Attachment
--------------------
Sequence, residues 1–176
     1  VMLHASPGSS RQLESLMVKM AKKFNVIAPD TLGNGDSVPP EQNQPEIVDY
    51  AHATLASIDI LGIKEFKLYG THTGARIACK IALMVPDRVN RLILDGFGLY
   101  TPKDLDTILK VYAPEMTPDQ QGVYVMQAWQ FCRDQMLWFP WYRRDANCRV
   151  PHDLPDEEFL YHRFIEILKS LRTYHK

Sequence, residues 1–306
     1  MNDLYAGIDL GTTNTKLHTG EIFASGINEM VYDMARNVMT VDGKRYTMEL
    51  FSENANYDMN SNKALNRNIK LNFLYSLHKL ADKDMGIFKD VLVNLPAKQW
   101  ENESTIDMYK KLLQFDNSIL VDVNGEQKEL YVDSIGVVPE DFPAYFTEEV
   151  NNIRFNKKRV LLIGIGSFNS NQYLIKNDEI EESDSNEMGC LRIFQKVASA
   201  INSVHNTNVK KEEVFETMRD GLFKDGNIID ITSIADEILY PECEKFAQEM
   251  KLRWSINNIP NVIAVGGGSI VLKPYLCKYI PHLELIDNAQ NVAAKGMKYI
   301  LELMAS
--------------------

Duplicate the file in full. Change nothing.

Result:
Sequence, residues 1–176
     1  VMLHASPGSS RQLESLMVKM AKKFNVIAPD TLGNGDSVPP EQNQPEIVDY
    51  AHATLASIDI LGIKEFKLYG THTGARIACK IALMVPDRVN RLILDGFGLY
   101  TPKDLDTILK VYAPEMTPDQ QGVYVMQAWQ FCRDQMLWFP WYRRDANCRV
   151  PHDLPDEEFL YHRFIEILKS LRTYHK

Sequence, residues 1–306
     1  MNDLYAGIDL GTTNTKLHTG EIFASGINEM VYDMARNVMT VDGKRYTMEL
    51  FSENANYDMN SNKALNRNIK LNFLYSLHKL ADKDMGIFKD VLVNLPAKQW
   101  ENESTIDMYK KLLQFDNSIL VDVNGEQKEL YVDSIGVVPE DFPAYFTEEV
   151  NNIRFNKKRV LLIGIGSFNS NQYLIKNDEI EESDSNEMGC LRIFQKVASA
   201  INSVHNTNVK KEEVFETMRD GLFKDGNIID ITSIADEILY PECEKFAQEM
   251  KLRWSINNIP NVIAVGGGSI VLKPYLCKYI PHLELIDNAQ NVAAKGMKYI
   301  LELMAS